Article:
There is a lot to consider when fitting 33″ tyres to your Toyota HiLux. If it is practical or not is another matter, but how to do it requires a little planning and (potentially) significant investment.
What is modified affects what else needs to be modified (or not) and legislation both nationally and state-specific can also determine what is possible.
Below, we step through the basics regarding what can be done to, firstly, make sure 33″ tyres fit, and secondly, make sure it is safe and legal.
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4WD HiLux owners really are spoilt for choice when it comes to the long list of accessories and parts available.
The popularity of the vehicle no doubt makes this possible because many businesses in the aftermarket industry can recoup the large costs involved to develop these model-specific parts.
Here are some of the modifications you’ll need to make before you consider fitting 33 Inch tyres to your HiLux:
Suspension lift (2-3 inches)
Higher suspension is the minimum requirement when installing 33″ tyres.
Common practice here is a 3 inch lift, although some owners have successfully fitted 33s with a 2 inch lift, plus some other modifications (see below).
Body lift (up to 2 inches)
A body lift will provide more clearance for bigger tyres, but without serious modifications, you’re limited to about 2 inches (or 50mm).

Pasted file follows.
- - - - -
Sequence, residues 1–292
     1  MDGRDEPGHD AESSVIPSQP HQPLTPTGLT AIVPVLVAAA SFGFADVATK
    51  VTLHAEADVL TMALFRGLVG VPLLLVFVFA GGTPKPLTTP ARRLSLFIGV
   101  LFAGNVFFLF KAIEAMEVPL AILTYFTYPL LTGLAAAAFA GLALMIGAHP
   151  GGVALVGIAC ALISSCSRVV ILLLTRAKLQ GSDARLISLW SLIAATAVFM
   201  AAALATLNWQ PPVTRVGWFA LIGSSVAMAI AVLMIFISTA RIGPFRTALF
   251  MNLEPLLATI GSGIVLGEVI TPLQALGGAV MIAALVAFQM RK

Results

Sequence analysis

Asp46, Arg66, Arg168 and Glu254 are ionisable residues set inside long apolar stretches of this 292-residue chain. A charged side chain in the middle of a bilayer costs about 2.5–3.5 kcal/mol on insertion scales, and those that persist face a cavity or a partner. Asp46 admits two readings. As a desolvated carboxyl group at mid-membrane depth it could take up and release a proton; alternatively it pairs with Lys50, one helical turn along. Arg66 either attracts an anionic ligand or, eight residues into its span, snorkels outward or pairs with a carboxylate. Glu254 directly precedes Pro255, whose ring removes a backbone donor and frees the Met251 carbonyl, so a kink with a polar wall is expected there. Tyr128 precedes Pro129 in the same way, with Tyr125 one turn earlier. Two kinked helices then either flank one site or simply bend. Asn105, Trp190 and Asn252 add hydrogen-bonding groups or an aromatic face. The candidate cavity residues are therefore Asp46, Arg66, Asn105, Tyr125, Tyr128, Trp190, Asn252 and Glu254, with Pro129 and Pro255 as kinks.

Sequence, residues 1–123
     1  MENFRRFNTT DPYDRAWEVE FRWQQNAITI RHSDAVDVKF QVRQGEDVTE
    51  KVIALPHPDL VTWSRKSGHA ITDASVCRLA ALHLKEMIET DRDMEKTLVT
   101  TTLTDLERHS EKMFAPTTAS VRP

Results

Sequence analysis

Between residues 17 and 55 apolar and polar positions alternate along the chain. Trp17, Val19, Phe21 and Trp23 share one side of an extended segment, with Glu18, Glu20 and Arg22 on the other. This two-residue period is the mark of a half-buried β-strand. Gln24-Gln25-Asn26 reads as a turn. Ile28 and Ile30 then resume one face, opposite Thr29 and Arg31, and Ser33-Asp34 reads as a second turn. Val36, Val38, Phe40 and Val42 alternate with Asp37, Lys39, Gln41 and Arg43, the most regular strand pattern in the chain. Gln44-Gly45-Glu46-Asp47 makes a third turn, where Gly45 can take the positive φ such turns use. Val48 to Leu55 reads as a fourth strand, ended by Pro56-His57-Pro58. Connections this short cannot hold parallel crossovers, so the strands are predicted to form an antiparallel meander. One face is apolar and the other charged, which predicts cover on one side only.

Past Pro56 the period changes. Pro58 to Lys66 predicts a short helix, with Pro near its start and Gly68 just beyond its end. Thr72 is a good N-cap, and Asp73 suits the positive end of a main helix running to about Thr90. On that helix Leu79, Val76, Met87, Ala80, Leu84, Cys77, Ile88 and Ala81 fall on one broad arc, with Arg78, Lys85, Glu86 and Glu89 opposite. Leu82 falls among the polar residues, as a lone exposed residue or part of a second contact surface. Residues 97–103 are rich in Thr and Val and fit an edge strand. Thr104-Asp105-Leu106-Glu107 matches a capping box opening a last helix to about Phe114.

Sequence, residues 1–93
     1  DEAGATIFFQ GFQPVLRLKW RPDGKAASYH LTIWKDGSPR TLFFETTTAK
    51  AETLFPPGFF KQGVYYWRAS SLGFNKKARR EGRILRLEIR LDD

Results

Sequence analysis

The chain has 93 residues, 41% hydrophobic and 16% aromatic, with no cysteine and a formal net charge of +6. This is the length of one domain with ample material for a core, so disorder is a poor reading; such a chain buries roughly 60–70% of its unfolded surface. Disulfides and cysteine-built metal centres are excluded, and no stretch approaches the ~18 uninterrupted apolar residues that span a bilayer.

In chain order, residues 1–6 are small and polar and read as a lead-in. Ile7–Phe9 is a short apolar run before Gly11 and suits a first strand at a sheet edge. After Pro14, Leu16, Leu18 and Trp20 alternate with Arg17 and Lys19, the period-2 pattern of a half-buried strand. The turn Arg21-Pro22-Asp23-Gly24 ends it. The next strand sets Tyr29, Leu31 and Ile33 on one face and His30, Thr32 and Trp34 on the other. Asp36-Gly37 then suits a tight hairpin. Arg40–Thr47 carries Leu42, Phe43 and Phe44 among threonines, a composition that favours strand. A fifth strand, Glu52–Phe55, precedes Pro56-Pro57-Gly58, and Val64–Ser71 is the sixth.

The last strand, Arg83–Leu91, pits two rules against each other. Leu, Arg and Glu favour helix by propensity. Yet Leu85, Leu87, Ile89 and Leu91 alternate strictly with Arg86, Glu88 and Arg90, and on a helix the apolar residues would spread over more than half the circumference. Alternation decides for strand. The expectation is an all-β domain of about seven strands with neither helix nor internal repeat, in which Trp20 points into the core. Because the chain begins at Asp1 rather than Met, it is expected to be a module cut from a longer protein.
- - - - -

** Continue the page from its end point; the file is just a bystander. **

This means hoses and cables aren’t stretched, but the steering shaft may need to be modified to address issues from lifting the body.
Levelling kit (up to 2 inches)
A levelling kit is a more budget-friendly alternative to a full suspension lift, whereby the front of the vehicle is raised via the installation of a spacer on the front suspension shock. This reduces the rake on the truck to make the front a similar level to the rear. In doing so it provides extra clearance for bigger tyres.
This can be done with or without a full-on suspension lift.
The HiLux wasn’t ever designed to accommodate 33″ tyres, so the bodywork requires some modifications, too.
Installing a bull bar is a good first step, as it opens up the amount of space forward of the wheel well by getting rid of the (often very low) front bumper bar.
Body Mount Chop
The steel outer skin of the body mount bracket is cut away as much as possible (as close to the rubber or poly bush as you can get), giving precious millimetres more clearance for larger diameter tyres.